Thursday, April 22, 2010

What to expect from Nigeria's oil and gas sector in the next four years, by report's%20oil%20and%20gas%20sector%20in%20the%20next%20four%20years,%20by%20report
By Roseline Okere
THE 2010 oil and gas market research report by has shown that the Nigeria petroleum industry would account for 11.92 per cent of African regional oil demand by 2014, while providing 22.72 per cent of supply.

African regional oil use of 2.93 million barrels per day (bpd) in 2001 rose to an estimated 3.57 million b/d in 2009.

The report, which was obtained from the company's website by The Guardian, added that Nigeria's oil and gas production would rise from an average 3.63 million b/d in 2010 and then to around 4.08 million bpd by 2014.

It explained: "Regional oil production was 7.77 million b/d in 2001, and in 2009 averaged an estimated 9.64 million b/d. It is set to rise to 11.83 million b/d by 2014. Oil exports are growing steadily, because demand growth is lagging behind the pace of supply expansion. In 2001, the region was exporting an average 4.83 million b/d. This total had risen to an estimated 6.07 million b/d in 2009 and is forecast to reach 7.75 million bpd by 2014.

In terms of natural gas, in 2009 Africa consumed an estimated 123bn cubic metres (bcm), with demand of 194bcm targeted for 2014. Production of an estimated 248bcm in 2009 should reach 385bcm in 2014, which implies net exports rising from 125bcm in 2009 to 191bcm by the end of the period. In 2009 Nigeria consumed an estimated 14.65 per cent of the region's gas, with its market share forecast at 27.34 per cent by 2014. It contributed 18.18 per cent to estimated 2009 regional gas production and, by 2014, will account for 21.04 per cent of supply.

For 2009 as a whole, the report has assumed an average OPEC basket price of US$60.70 per barrel (bbl), a 35.5 per cent decline year-on-year basis. "For 2010, we expect to see a significant oil price recovery to US$83.00/bbl for the OPEC basket price, gaining further ground to US$85.00 in 2011 and US$90.00/bbl in 2012 and beyond.

"In 2010, we are now forecasting premium unleaded gasoline prices at an average US$97.00, up from US$70.22/bbl in 2009. We are assuming an average global jet fuel price for 2010 of US$97.58/bbl, compared with US$70.63 in 2009. For gasoil, the 2010 price estimate is for an average of US$97.40/bbl, compared with US$70.50 in 2009. The 2010 naphtha price average, estimated at US$81.58/bbl compares with US$59.07 in 2009", it added.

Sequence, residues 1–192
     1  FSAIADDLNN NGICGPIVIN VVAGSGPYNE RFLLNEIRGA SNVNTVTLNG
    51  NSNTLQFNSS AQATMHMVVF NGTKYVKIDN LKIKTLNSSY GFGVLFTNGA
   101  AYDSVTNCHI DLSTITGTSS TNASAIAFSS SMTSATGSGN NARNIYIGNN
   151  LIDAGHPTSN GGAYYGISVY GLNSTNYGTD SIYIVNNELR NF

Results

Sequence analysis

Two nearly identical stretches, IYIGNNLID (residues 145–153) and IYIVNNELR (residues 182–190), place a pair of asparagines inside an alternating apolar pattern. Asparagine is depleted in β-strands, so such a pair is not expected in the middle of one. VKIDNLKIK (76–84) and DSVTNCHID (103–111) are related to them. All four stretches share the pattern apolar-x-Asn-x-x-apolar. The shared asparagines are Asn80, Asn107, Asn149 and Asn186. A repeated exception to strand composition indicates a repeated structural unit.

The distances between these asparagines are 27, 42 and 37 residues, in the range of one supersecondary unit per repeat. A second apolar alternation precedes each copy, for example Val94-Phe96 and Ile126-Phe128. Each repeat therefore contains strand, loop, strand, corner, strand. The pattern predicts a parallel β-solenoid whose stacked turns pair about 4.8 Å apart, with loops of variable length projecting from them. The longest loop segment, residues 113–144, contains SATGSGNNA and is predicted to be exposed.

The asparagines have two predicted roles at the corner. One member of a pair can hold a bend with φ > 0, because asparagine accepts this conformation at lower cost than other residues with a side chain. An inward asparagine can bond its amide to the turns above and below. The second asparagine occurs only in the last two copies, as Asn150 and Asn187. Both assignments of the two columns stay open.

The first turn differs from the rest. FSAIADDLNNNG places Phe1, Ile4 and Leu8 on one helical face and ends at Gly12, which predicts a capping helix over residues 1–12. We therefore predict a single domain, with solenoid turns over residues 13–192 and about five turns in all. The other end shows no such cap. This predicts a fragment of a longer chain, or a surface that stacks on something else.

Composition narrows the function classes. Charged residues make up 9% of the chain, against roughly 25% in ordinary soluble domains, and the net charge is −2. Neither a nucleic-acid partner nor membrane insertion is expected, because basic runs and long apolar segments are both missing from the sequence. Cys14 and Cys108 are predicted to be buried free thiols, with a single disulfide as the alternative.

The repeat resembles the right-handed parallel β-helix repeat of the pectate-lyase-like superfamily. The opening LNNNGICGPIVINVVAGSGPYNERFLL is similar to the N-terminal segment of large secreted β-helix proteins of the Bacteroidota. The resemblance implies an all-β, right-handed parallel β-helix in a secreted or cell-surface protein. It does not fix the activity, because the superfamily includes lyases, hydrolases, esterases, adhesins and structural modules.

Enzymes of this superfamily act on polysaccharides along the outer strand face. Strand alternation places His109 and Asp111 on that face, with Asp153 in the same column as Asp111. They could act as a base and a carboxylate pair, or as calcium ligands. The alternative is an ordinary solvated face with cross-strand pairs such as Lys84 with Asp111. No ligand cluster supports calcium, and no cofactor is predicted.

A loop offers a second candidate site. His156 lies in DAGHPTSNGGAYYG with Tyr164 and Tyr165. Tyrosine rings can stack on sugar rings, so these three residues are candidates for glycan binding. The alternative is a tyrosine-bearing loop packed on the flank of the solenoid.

It assumed average yearly growth of 7.0 per cent in 2010-2014 for Nigeria Gross Domestic Product (GDP). "We expect oil demand to rise from an estimated 376,000b/d in 2009 to 493,000b/d in 2014, representing up to 3 per cent -5 per cent yearly growth", it stated.

Concerning Nigerian National Petroleum Corporation (NNPC), the report hinted that it accounts for more than 50 per cent of oil production and over 40 per cent of gas supply, but has a large number of international oil company (IOC) partners contributing to a forecast rise in oil and liquids production from an estimated 1.99 million b/d in 2009 to 2.70 million b/d by 2014, subject to rebel attacks on infrastructure and OPEC quota policy.

Gas production, according to the report is expected to reach 81bcm by 2014, up from an estimated 45bcm in 2009.

"Consumption is also anticipated to rise dramatically from around 18bcm to 53bcm by the end of the forecast period, allowing exports of no more than 28bcm. This threatens the country's Liquefied Natural Gas (LNG) export business unless fresh supplies can be located and developed.

"Between 2009 and 2019 we forecast an increase in Nigerian oil and gas liquids production of 71.3 per cent, with volumes rising steadily to 3.40mn b/d by the end of the 10-year forecast period. Oil consumption is set to increase by 88.4 per cent, with growth slowing to an assumed 7.5 per cent per annum towards the end of the period and the country using 708,000b/d by 2019", it added.

It disclosed that gas production is expected to rise to 125bcm by the end of the period, with demand rising by 288.9 per cent between 2009 and 2019, export potential should increase to 55bcm, largely in the form of LNG.

The report shows that Nigeria now shares third place in our updated Upstream Business Environment Ratings, alongside Angola and Algeria.

It added that Nigeria may struggle to keep up with Angola over the short term, as its West African neighbour has greater potential for advancement. Nigeria's score benefits from its substantial oil and gas reserves, its oil and gas production growth outlook, and high reserves-to-production ratios (RPR).

"The competitive landscape features numerous non-state companies, while licensing terms are generally acceptable, although potentially under review. However, negative country risk factors undermine the hydrocarbons-specific strength. The country is in the upper half of the league table in our Downstream Business Environment rating, with a few high scores but near-term progress further up the rankings deemed unlikely. It is ranked fourth behind Algeria, thanks largely to poor country risk factors that undermine further a regulated and largely state-controlled industry. Algeria is four points above it in the regional rankings and looks set to stay out of reach. Angola just one point below represents a medium term threat", it stated. provides thousands of company profile and SWOT analysis reports. These reports provide detailed analysis of the financial and operational activities of companies, including segment data, financials, management details, strategy and operations.

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